California Rainstorm: How Many Inches of Rain Will SoCal Get?

LOS ANGELES (KABC) — Another severe weather system sweeps into California this week, bringing a potentially fatal storm to the Bay Area and potential flooding to Southern California.

SoCal could see as much as three inches of rain fall in a torrential downpour Wednesday night through Thursday morning, leading to possible flooding and dangerously high waves on the beach. Winds in the deserts reach dangerous speeds of 100 to 100 km/h, just barely reaching the strength of a hurricane.

The northern part of the state will experience even more dangerous weather conditions. Meteorologists from our sister station KGO-TV forecast in San Francisco Winds of up to 60mph with heavy rain expected to down trees and power poles while also triggering mudslides and flooding. The National Weather Service warns of possible loss of life from the storm.

The storm is also likely to bring 2 to 5 feet of snow to the central California Sierras, helpfully boosting the state’s water supply, which has been left low by years of drought.

Southern California won’t be hit quite as hard, but there will still be severe storm conditions, including dangerously high waves and currents on the beaches.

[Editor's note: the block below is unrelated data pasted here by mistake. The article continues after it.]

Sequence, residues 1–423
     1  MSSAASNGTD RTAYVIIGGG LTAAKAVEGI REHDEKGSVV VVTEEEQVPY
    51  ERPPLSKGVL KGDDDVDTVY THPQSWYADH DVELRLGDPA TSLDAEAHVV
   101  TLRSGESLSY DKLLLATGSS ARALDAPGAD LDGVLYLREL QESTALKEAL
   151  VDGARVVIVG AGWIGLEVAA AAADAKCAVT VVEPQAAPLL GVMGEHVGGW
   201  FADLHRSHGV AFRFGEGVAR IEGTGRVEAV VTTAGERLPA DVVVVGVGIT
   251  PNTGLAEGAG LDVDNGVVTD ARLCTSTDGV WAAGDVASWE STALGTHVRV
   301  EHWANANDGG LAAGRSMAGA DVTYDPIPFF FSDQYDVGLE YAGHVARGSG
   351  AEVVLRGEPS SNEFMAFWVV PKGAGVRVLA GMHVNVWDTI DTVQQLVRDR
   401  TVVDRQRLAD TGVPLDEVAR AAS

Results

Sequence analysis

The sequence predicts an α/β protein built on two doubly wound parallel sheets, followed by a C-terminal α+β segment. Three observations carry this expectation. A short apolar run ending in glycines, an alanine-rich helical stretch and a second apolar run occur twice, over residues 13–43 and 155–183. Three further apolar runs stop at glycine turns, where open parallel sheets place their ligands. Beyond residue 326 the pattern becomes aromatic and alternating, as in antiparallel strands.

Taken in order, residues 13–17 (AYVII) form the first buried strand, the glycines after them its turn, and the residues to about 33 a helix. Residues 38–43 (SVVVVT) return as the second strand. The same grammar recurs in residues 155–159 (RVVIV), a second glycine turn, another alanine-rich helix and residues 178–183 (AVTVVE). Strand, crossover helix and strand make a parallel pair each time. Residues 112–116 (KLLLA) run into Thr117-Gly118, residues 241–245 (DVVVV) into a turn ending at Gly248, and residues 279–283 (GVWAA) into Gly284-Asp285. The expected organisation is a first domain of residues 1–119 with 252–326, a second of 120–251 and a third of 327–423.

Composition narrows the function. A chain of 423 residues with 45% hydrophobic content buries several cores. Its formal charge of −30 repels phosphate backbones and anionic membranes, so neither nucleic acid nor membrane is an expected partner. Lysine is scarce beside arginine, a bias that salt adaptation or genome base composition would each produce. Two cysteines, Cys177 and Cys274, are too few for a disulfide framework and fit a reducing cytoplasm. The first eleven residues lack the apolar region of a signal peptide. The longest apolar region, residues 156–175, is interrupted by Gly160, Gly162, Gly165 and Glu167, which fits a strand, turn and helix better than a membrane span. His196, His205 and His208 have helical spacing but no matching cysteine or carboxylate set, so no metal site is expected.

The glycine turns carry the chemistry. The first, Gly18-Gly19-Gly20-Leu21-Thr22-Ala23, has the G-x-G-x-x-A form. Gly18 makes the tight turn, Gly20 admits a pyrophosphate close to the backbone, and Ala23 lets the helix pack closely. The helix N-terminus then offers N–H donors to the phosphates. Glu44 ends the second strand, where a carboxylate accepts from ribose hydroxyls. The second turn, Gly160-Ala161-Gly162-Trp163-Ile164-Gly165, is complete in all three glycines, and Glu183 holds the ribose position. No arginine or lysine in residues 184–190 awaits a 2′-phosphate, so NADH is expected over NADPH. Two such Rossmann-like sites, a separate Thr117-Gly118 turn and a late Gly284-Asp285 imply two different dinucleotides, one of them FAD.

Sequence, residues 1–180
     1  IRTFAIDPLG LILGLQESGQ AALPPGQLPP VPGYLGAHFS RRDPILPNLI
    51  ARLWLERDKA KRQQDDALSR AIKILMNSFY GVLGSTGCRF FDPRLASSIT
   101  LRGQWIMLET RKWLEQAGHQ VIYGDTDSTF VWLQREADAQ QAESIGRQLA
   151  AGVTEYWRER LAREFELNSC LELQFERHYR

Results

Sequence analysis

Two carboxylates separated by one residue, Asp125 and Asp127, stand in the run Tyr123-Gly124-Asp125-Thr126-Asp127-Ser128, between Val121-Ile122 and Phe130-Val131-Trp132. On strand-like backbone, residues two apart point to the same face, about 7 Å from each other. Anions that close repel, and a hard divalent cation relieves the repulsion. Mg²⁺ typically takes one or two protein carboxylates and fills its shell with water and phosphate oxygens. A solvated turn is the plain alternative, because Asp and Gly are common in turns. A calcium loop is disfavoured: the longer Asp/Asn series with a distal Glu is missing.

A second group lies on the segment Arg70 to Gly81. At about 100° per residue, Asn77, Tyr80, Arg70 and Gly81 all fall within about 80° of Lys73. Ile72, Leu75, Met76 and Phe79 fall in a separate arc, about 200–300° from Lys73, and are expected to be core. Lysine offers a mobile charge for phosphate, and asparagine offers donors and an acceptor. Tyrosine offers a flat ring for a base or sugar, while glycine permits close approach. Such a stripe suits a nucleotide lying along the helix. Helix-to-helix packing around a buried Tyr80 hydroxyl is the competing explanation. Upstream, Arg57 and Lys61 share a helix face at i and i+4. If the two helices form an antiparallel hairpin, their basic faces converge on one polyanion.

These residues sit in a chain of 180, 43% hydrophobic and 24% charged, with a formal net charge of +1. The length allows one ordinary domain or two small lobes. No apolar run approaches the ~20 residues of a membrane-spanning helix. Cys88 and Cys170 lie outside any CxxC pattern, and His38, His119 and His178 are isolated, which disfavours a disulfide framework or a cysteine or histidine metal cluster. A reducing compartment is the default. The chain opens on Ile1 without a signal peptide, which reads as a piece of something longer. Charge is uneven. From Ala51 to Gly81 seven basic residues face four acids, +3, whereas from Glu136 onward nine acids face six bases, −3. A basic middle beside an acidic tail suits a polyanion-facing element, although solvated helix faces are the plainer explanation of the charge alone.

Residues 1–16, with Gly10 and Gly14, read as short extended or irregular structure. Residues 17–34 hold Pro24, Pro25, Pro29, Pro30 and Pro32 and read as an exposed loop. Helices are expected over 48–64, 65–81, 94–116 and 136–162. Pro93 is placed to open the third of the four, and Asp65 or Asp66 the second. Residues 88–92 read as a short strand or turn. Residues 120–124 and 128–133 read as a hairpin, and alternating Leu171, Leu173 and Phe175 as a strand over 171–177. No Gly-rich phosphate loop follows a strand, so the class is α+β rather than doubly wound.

Rain begins in Southern California on Wednesday at a slower pace during the day, turning to a torrential downpour during the night hours. At times there could be up to an inch of rain per hour overnight.

Full prognosis from ABC7 here.

Thursday mornings will be a difficult and potentially dangerous commute on many SoCal streets.

A flood warning has been issued for much of the region, particularly for areas still recovering from wildfires.

A high wind watch was also issued for Ventura County and will continue through early Thursday morning.

A beach hazard warning was also issued, stating 10-14 waves are possible off Orange County and San Diego and Ventura County.

Local communities in Southern California are preparing for the storm, especially in vulnerable areas like beach communities and wildfire-ravaged areas.

“We are primarily concerned about three factors,” said Lt. Chris Pierce of the Seal Beach Marine Safety Department. “There will be rain that will saturate the soil. It will be surf pushing additional water onto the already saturated bottom in combination with the already high tides.”

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Laura Coffey

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